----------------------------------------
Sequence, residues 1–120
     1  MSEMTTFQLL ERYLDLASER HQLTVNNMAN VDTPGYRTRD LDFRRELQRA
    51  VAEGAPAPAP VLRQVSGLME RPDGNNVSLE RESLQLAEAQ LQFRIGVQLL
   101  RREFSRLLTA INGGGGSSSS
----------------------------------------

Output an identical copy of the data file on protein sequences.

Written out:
Sequence, residues 1–120
     1  MSEMTTFQLL ERYLDLASER HQLTVNNMAN VDTPGYRTRD LDFRRELQRA
    51  VAEGAPAPAP VLRQVSGLME RPDGNNVSLE RESLQLAEAQ LQFRIGVQLL
   101  RREFSRLLTA INGGGGSSSS